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What’s happening with Virginia Beach flood projects funded by $567M bond referendum?

Ongoing construction on the Windsor Woods tide gate near Mount Trashmore this month. (Photo courtesy of City of Virginia Beach)
Ongoing construction on the Windsor Woods tide gate near Mount Trashmore this month. (Photo courtesy of City of Virginia Beach)

Virginia Beach is in the midst of a half-a-billion-dollar effort to protect itself from flooding.

Back in 2021, residents overwhelmingly voted to allow the city to issue $567.5 million in bonds to cover a series of projects meant to better handle rising waters.

The referendum grew out of research following extensive flooding during Hurricane Matthew in 2016, which made it clear to the city that much of its 1960s-era stormwater infrastructure was outdated. 

Virginia Beach officials came up with 21 priority projects to address flooding, which were funded by the bond referendum. Almost two dozen other stormwater projects were already in the city’s capital plan and are also part of the overall flood program, which the city dubbed the Ripple Effect.

City Engineer Toni Utterback said the name came about after many citizens asked why they should vote for a program that didn’t have projects in their area.

“We wanted to convey to the public that although you might not have something in your neighborhood … you travel through different areas of Virginia Beach that may experience flooding.”

The city has now completed a few of the projects and is working on many others, Utterback said. She said residents should expect to see lots of construction cropping up around the city – with signs that denote their connection to the Ripple Effect. 

Here is a non-exhaustive update:


  • Windsor Woods drainage: There’s a small new retention pond at the former Bow Creek golf course meant to capture water and ease flooding on Rosemont Road. The city also did some drainage improvements along Rosemont, South Plaza Trail and Old Forge Road.
  • Lake Pleasure House outfall: The city installed new storm drain pipes from Lake Pleasure House to an existing pump station to better maintain water levels within the lake.
  • Cape Henry drainage: To prepare for bigger improvements around Eastern Shore Drive, the city relocated a sewer line underneath the Cape Henry Canal, which will ultimately be widened and deepened.


  • Windsor Woods tide gate: The city’s building a tide gate across Thalia Creek near Mount Trashmore, to hold back water and protect the infrastructure system in Windsor Woods. 
  • Bow Creek Stormwater Park: A new park will go up at the former golf course with several stormwater ponds to absorb excess water. “It will kind of be hidden behind all these park amenities,” Utterback said. “But in a storm event it will provide a lot of needed stormwater storage that the Princeton Plaza and the Lakes area does not currently have.” Some walking trails are already open.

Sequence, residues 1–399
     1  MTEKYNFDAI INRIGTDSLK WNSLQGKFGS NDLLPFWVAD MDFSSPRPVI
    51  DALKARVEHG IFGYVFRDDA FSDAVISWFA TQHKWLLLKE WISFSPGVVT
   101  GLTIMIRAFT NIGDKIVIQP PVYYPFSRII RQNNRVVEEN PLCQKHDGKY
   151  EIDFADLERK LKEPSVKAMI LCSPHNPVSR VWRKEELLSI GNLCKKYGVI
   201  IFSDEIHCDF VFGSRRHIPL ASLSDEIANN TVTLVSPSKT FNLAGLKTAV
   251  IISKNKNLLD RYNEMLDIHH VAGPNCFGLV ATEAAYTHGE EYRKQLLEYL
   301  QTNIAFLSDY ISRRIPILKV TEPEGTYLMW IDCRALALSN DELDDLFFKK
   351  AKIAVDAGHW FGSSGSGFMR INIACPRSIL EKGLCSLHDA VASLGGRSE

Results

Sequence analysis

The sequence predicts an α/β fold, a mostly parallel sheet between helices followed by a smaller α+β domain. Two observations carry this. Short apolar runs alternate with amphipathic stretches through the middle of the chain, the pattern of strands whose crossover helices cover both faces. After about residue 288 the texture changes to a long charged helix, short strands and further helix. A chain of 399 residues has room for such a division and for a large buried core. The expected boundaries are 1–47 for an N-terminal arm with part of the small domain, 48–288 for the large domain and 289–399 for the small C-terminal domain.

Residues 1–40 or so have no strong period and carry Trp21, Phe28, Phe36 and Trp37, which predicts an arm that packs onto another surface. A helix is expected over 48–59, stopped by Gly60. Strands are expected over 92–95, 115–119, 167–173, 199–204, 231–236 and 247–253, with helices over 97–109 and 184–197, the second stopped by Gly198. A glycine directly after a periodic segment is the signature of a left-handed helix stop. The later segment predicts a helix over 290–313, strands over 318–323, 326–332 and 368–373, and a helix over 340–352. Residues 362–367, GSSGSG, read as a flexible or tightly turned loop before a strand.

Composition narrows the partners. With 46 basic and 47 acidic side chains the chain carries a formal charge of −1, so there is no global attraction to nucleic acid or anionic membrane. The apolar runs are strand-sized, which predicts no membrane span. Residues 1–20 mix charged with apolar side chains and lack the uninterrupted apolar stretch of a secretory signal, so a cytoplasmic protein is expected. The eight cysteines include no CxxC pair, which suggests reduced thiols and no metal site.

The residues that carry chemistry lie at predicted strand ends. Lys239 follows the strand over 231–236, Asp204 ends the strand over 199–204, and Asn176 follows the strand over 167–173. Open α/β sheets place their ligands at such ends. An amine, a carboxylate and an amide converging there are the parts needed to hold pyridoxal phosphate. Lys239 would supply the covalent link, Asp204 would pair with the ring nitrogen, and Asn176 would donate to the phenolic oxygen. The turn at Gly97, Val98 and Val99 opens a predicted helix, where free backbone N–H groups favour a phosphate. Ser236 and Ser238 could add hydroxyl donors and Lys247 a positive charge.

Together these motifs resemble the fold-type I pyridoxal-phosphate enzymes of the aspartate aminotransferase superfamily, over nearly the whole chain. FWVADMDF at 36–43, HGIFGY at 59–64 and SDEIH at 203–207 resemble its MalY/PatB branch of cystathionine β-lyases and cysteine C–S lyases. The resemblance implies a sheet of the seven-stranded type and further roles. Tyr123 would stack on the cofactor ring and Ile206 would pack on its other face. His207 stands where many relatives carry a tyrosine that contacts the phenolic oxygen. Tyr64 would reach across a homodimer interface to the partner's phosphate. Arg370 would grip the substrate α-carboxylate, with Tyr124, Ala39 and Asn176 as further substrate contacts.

• Lake Bradford dredging: The city’s doing some dredging and cleaning an outfall in the Lake Bradford/Chubb Lake area to allow the roads to better drain along Pleasure House Road and Shore Drive. 

Coming soon:

  • Eastern Shore Drive Phase One: Four projects under this banner will be contracted and go to construction next year. That includes the Cape Henry Canal deepening, two new pump stations around Lynnhaven Colony Park and elevating part of Lynnhaven Drive.

Further down the line, the city also hopes to build a roughly $27 million central “stormwater operations center” to get a handle on all this new infrastructure. 
It would function similar to a traffic operations center, providing real-time updates during a storm – but using sensor data from the new pump stations, Utterback said.

In this year’s legislative agenda – a sort of funding wish list cities send the state legislature – Virginia Beach requested $15 million for the facility. 

To mark some of its recent progress with the Ripple Effect program, Virginia Beach also recently launched a new online visualization tool that allows users to compare before-and-after flooding scenarios of the projects. Right now, only the Eastern Shore Drive improvement is listed. 

“It’s kind of a way to demonstrate to the public a return on their investment,” Utterback said. 

Virginia Beach City Council appointed a seven-member oversight board to monitor the program’s progress. The city’s deadline to complete all 21 bond-funded projects is 2032.

Katherine is WHRO’s climate and environment reporter. She came to WHRO from the Virginian-Pilot in 2022. Katherine is a California native who now lives in Norfolk and welcomes book recommendations, fun science facts and of course interesting environmental news.

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